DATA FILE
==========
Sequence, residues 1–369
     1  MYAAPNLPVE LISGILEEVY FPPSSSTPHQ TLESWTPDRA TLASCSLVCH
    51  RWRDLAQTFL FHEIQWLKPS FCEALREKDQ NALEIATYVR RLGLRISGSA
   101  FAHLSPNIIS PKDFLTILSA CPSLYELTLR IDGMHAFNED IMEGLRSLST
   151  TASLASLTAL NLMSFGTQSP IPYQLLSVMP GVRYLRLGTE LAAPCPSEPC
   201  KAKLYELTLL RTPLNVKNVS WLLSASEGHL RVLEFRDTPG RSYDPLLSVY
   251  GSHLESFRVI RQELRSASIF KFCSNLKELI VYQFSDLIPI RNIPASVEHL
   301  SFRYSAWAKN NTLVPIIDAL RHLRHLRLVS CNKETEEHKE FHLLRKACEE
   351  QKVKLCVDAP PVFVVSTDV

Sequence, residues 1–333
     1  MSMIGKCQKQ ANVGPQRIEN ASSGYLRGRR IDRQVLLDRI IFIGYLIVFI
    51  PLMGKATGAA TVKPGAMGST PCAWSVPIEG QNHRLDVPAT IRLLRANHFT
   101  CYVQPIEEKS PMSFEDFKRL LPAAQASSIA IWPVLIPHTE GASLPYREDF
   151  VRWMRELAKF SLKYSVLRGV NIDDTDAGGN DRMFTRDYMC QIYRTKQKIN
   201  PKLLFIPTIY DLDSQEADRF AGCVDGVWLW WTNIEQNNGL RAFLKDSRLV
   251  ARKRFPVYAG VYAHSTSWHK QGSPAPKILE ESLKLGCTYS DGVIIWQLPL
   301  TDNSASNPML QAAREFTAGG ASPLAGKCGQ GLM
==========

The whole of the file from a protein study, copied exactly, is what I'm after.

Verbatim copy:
Sequence, residues 1–369
     1  MYAAPNLPVE LISGILEEVY FPPSSSTPHQ TLESWTPDRA TLASCSLVCH
    51  RWRDLAQTFL FHEIQWLKPS FCEALREKDQ NALEIATYVR RLGLRISGSA
   101  FAHLSPNIIS PKDFLTILSA CPSLYELTLR IDGMHAFNED IMEGLRSLST
   151  TASLASLTAL NLMSFGTQSP IPYQLLSVMP GVRYLRLGTE LAAPCPSEPC
   201  KAKLYELTLL RTPLNVKNVS WLLSASEGHL RVLEFRDTPG RSYDPLLSVY
   251  GSHLESFRVI RQELRSASIF KFCSNLKELI VYQFSDLIPI RNIPASVEHL
   301  SFRYSAWAKN NTLVPIIDAL RHLRHLRLVS CNKETEEHKE FHLLRKACEE
   351  QKVKLCVDAP PVFVVSTDV

Sequence, residues 1–333
     1  MSMIGKCQKQ ANVGPQRIEN ASSGYLRGRR IDRQVLLDRI IFIGYLIVFI
    51  PLMGKATGAA TVKPGAMGST PCAWSVPIEG QNHRLDVPAT IRLLRANHFT
   101  CYVQPIEEKS PMSFEDFKRL LPAAQASSIA IWPVLIPHTE GASLPYREDF
   151  VRWMRELAKF SLKYSVLRGV NIDDTDAGGN DRMFTRDYMC QIYRTKQKIN
   201  PKLLFIPTIY DLDSQEADRF AGCVDGVWLW WTNIEQNNGL RAFLKDSRLV
   251  ARKRFPVYAG VYAHSTSWHK QGSPAPKILE ESLKLGCTYS DGVIIWQLPL
   301  TDNSASNPML QAAREFTAGG ASPLAGKCGQ GLM